Year
1914

Germans burn Belgian town of Louvain

Over the course of five days, beginning August 25, 1914, German troops stationed in the Belgian village of Louvain during the opening month of World War I burn and loot much of the town, executing hundreds of civilians.

Located between Liege, the fortress town that saw heavy fighting during the first weeks of the German invasion, and the Belgian capital of Brussels, Louvain became the symbol, in the eyes of international public opinion, of the shockingly brutal nature of the German war machine. From the first days they crossed into Belgium, violating that small country’s neutrality on the way to invade France, German forces looted and destroyed much of the countryside and villages in their path, killing significant numbers of civilians, including women and children. These brutal actions, the Germans claimed, were in response to what they saw as an illegal civilian resistance to the German occupation, organized and promoted by the Belgian government and other community leaders—especially the Catholic Church—and carried out by irregular combatants or franc-tireurs (snipers, or free shooters) of the type that had participated in the Franco-Prussian War in 1870-71.

In reality this type of civilian resistance—despite being sanctioned by the Hague Conventions of 1899 and 1907, which the Germans objected to—did not exist to any significant degree in Belgium during the German invasion, but was used as an excuse to justify the German pursuit of a theory of terror previously articulated by the enormously influential 19th-century Prussian military philosopher Karl von Clausewitz. According to Clausewitz, the civilian population of an enemy country should not be exempted from war, but in fact should be made to feel its effects, and be forced to put pressure on their government to surrender.

The burning of Louvain came on the heels of a massacre in the village of Dinant, near Liege, on August 23, in which the German soldiers had killed some 674 civilians on the orders of their corps commander. Two days later, the small but hardy Belgian army made a sudden sharp attack on the rear lines of the German 1st Army, commanded by General Alexander von Kluck, forcing the Germans to retreat in disorder to Louvain. In the confusion that followed, they would later claim, civilians had fired on the German soldiers or had fired from the village’s rooftops to send a signal to the Belgian army, or even to approaching French or British troops. The Belgians, by contrast, would claim the Germans had mistakenly fired on each other in the dark. Whatever happened did not matter: the Germans burned Louvain not to punish specific Belgian acts but to provide an example, before the world, of what happened to those who resisted mighty Germany.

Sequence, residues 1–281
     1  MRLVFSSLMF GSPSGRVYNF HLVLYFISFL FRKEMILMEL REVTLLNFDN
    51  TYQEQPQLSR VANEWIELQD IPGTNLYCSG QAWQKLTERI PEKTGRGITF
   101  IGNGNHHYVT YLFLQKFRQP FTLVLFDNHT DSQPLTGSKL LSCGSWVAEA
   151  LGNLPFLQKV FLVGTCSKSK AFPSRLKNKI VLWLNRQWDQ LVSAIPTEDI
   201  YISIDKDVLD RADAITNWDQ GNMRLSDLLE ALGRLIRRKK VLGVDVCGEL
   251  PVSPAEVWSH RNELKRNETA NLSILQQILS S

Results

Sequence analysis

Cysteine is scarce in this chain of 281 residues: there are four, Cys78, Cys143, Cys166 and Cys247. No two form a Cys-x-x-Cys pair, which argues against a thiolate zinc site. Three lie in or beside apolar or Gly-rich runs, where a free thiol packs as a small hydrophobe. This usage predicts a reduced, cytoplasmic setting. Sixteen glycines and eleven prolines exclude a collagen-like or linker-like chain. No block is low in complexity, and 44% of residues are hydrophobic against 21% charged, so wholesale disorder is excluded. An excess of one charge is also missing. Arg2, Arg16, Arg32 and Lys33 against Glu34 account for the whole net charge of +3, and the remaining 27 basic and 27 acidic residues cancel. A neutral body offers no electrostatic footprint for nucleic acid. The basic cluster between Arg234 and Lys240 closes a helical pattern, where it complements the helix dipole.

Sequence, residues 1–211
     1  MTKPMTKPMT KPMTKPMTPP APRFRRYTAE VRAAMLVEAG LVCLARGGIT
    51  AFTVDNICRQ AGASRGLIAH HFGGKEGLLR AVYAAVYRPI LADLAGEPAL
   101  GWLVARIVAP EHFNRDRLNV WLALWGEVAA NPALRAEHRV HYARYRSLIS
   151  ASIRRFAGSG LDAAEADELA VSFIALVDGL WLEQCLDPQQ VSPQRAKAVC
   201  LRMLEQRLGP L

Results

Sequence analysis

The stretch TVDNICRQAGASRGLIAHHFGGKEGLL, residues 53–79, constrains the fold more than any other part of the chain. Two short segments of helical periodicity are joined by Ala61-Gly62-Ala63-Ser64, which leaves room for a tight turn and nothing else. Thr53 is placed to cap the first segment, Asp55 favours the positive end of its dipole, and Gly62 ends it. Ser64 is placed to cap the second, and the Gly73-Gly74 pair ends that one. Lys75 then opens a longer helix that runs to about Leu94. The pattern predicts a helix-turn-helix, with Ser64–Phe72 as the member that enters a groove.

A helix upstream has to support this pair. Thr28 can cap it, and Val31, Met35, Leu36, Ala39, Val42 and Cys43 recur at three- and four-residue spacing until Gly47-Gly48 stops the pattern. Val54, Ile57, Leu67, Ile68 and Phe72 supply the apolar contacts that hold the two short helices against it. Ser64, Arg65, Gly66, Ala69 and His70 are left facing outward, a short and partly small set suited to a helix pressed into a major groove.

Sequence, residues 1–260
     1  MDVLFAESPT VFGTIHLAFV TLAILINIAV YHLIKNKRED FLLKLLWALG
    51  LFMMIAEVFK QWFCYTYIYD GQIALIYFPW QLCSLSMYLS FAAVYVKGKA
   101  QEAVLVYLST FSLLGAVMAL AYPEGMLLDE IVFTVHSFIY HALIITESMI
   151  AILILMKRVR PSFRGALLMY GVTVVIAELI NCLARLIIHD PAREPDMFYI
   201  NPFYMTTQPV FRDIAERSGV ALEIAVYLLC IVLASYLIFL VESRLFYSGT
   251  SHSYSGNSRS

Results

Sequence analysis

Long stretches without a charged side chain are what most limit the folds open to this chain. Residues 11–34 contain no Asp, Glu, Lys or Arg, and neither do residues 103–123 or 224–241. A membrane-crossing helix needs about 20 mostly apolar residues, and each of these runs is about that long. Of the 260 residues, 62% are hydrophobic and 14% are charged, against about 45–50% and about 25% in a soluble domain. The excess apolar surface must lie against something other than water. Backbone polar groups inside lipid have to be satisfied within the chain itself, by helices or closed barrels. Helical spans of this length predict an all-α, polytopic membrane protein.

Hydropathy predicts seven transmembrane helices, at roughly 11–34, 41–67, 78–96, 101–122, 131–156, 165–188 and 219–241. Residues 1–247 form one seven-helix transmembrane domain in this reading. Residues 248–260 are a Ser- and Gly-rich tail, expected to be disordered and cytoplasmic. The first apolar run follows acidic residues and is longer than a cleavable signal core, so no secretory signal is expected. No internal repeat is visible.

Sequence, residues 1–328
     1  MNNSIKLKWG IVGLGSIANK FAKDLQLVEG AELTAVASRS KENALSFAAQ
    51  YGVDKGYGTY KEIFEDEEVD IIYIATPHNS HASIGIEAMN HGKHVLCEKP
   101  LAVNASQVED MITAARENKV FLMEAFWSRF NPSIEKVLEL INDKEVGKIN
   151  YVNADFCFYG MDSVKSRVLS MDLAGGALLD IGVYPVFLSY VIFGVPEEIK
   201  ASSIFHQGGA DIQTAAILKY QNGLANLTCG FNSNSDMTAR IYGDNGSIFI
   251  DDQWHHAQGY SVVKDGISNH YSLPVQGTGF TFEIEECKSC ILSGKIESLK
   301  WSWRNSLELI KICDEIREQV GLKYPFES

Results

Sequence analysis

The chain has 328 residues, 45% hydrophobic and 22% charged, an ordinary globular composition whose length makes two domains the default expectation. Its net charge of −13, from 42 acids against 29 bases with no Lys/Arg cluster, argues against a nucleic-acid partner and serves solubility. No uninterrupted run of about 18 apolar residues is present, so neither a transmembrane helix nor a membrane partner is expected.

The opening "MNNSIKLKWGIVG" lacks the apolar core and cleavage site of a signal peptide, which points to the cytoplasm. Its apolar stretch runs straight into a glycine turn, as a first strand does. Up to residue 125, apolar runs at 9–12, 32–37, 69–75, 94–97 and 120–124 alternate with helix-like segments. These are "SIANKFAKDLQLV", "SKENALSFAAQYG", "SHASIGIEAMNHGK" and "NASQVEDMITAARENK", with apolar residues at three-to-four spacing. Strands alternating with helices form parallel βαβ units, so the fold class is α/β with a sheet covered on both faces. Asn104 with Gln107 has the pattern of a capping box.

Over the next five days, as Louvain and its buildings—including its renowned university and library, founded in 1426—burned, a great outcry grew in the international community, with refugees pouring out of the village and eyewitness accounts filling the foreign press. Richard Harding Davis, an American correspondent in Belgium, arrived at Louvain by troop train on August 27; his report later appeared in the New York Tribune under the headline GERMANS SACK LOUVAIN; WOMEN AND CLERGY SHOT. A wireless statement from Berlin issued by the German Embassy in Washington, D.C., confirmed the incidents, stating that “Louvain was punished by the destruction of the city.” The Allied press went crazy, with British editorials proclaiming “Treason to Civilization” and insisting the Germans had proved themselves descendants not of the great author Goethe but of the bloodthirsty Attila the Hun.

By war’s end, the Germans would kill some 5,521 civilians in Belgium (and 896 in France). Above all, German actions in Belgium were intended to demonstrate to the Allies that the German empire was a formidable power that should be submitted to, and that those resisting that power—whether soldier or civilian, belligerent or neutral—would be met with a force of total destruction. Ironically, for many in the Allied countries, and in the rest of the world as well, a different conclusion emerged from the flames of Louvain: Germany must be defeated at all costs, without compromise or settlement, because a German victory would mean the defeat of civilization.

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